Russia’s premier airborne radar specialist Phazotron NIIR, a subsidiary of the concern KRET, has brought to HeliRussia 2014 its in-production Ka-band 8mm wavelength FH01 Millimeter Wave Radar (MMW) for the Kamov Ka-52 attack helicopter.
The manufacturer explains that, because of the size restrictions on the aperture of helicopter radars, only the Ka band ensures the requisite target-to-clutter contrast for small-sized fixed targets and an appropriate bearing resolution. The Ka band is also preferred over the 3 mm wavelength band for its lower rain and fog attenuation under otherwise equal conditions.
Phazotron NIIR is already working to develop a dual-band helicopter radar, seeing as the use of the Ka band alone has its limitations in terms of the terrain mapping area, the detection range for small-sized ground, airborne targets and weather phenomena, and the effective range in reduced optical visibility. In addition, the Russian military is aiming to expand the scope of Ka-52 applications by adding long-range maritime patrol missions against ground, sea-surface, aerial and dangerous weather targets. This is a job for the X band.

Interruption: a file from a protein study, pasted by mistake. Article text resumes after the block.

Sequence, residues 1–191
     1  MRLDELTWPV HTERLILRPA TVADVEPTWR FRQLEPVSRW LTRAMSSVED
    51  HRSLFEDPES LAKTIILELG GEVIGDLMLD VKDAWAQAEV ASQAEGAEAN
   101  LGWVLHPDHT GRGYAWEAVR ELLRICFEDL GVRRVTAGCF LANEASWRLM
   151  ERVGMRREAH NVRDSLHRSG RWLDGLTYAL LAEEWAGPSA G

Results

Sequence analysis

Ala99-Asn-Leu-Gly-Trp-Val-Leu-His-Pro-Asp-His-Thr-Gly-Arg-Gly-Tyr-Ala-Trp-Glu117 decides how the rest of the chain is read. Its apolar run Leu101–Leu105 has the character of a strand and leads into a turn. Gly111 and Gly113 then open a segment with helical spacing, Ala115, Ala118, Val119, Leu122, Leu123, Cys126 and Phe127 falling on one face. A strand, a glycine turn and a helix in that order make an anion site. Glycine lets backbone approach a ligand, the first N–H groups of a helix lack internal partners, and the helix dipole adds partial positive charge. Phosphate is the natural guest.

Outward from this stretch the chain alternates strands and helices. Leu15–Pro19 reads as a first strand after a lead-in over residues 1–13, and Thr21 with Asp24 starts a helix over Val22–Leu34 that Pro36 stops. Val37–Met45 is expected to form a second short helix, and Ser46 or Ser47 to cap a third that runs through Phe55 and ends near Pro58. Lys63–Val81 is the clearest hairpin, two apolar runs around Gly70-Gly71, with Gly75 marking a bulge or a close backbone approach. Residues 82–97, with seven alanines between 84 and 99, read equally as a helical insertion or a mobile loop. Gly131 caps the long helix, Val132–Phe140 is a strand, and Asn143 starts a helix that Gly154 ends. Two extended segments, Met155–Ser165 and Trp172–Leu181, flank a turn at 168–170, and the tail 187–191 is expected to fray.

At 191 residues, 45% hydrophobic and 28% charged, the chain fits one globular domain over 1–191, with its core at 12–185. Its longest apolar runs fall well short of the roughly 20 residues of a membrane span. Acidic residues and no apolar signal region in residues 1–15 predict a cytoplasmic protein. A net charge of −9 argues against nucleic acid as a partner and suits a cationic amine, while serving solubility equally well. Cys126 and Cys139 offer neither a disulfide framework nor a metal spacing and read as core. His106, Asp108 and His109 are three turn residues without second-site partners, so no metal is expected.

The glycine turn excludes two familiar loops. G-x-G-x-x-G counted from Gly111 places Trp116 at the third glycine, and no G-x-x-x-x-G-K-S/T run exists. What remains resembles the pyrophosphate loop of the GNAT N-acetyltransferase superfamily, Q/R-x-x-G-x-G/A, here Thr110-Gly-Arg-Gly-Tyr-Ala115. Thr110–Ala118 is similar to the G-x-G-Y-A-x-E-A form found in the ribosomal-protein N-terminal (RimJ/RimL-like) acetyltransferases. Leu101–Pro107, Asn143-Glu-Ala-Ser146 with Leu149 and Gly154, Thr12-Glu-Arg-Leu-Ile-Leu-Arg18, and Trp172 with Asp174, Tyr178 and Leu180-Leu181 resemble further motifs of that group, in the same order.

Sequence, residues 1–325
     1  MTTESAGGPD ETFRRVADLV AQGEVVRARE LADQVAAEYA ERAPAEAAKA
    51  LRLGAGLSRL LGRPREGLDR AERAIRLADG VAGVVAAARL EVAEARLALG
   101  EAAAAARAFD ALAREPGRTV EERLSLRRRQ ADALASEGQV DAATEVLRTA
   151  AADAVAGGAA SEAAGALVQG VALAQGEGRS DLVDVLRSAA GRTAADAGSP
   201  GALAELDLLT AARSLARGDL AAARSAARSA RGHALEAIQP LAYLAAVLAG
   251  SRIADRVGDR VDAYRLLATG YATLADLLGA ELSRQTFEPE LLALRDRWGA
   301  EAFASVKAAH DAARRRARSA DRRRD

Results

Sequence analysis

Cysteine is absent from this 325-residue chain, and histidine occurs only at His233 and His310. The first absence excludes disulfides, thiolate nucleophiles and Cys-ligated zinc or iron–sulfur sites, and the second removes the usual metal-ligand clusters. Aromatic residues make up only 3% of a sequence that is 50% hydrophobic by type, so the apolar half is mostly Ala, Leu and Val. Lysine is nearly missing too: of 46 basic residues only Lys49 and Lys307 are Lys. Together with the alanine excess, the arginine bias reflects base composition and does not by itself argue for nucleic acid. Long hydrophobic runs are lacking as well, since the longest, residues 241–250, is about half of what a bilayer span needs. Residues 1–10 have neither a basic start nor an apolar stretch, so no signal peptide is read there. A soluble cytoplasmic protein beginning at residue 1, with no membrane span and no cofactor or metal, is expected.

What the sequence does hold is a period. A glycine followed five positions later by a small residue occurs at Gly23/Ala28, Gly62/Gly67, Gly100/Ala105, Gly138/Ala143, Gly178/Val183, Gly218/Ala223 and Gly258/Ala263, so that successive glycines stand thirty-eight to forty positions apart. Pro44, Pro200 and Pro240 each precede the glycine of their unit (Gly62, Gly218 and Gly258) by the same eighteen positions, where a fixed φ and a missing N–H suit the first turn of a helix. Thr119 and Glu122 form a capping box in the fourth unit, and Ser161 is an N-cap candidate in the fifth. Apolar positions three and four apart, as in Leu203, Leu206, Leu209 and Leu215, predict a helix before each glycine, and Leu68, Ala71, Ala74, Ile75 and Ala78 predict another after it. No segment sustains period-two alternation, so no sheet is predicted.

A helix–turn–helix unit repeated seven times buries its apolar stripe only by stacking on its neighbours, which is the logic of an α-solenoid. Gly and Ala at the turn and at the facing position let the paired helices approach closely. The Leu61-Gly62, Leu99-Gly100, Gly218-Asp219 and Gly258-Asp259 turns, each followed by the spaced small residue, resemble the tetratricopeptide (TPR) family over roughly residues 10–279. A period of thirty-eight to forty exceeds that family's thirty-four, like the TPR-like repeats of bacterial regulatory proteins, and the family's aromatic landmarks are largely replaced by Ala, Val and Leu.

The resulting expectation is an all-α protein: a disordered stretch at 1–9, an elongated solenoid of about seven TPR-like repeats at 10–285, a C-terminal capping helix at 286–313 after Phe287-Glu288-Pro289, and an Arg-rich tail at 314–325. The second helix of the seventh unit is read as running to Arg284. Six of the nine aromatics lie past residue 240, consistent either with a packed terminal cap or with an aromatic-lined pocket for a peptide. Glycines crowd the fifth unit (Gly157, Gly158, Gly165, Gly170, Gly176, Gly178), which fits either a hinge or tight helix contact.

The requirement to ensure high accuracy and resolution in the forward hemisphere, including the forward-looking capability (supported by the Ka band), and the desire to extend the radar’s effective range in the X band, prompted the designers to combine the two bands’ advantages by integrating their respective channels. The radar currently under development functionally integrates X- and Ka-band channels into a single system which forms, transmits, receives and processes of signals. There is a single antenna for both bands. Housed inside the helicopter’s nosecone, the modular radar is made up of individual functional units. The transmitter and the receiver controller are mounted at the antenna base to minimize waveguide and high-frequency interference and enable easy maintenance. The individual modules are cooled by internal or external autonomous ventilators. The radar is expected to weigh 80 kg.
According to Phazotron NIIR, using two bands in a single radar will extend the effective range to 150 km for land and sea terrain imagery and for the detection of ground and sea-surface targets, and to 45 km for the detection of aerial targets. The radar will also boost the helicopter’s surveillance capability thanks to the high sensitivity of the X-band, which allows for picking up and tracking small-sized contrasting targets.